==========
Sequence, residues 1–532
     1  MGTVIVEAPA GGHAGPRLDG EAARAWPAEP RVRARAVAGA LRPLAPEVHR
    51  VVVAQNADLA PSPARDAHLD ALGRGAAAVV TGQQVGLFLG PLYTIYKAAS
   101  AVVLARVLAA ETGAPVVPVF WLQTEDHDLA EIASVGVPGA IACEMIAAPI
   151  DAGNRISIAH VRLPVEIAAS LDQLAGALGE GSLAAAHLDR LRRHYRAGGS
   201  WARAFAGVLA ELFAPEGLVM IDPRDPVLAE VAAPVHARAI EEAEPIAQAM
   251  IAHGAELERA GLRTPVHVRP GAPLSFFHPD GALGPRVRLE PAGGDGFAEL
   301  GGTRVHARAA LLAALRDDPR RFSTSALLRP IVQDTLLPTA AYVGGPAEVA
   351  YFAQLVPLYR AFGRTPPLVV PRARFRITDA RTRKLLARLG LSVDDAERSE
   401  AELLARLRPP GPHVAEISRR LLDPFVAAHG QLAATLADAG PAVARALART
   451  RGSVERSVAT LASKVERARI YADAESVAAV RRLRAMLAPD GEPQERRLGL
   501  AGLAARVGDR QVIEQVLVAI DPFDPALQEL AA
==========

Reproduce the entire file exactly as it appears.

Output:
Sequence, residues 1–532
     1  MGTVIVEAPA GGHAGPRLDG EAARAWPAEP RVRARAVAGA LRPLAPEVHR
    51  VVVAQNADLA PSPARDAHLD ALGRGAAAVV TGQQVGLFLG PLYTIYKAAS
   101  AVVLARVLAA ETGAPVVPVF WLQTEDHDLA EIASVGVPGA IACEMIAAPI
   151  DAGNRISIAH VRLPVEIAAS LDQLAGALGE GSLAAAHLDR LRRHYRAGGS
   201  WARAFAGVLA ELFAPEGLVM IDPRDPVLAE VAAPVHARAI EEAEPIAQAM
   251  IAHGAELERA GLRTPVHVRP GAPLSFFHPD GALGPRVRLE PAGGDGFAEL
   301  GGTRVHARAA LLAALRDDPR RFSTSALLRP IVQDTLLPTA AYVGGPAEVA
   351  YFAQLVPLYR AFGRTPPLVV PRARFRITDA RTRKLLARLG LSVDDAERSE
   401  AELLARLRPP GPHVAEISRR LLDPFVAAHG QLAATLADAG PAVARALART
   451  RGSVERSVAT LASKVERARI YADAESVAAV RRLRAMLAPD GEPQERRLGL
   501  AGLAARVGDR QVIEQVLVAI DPFDPALQEL AA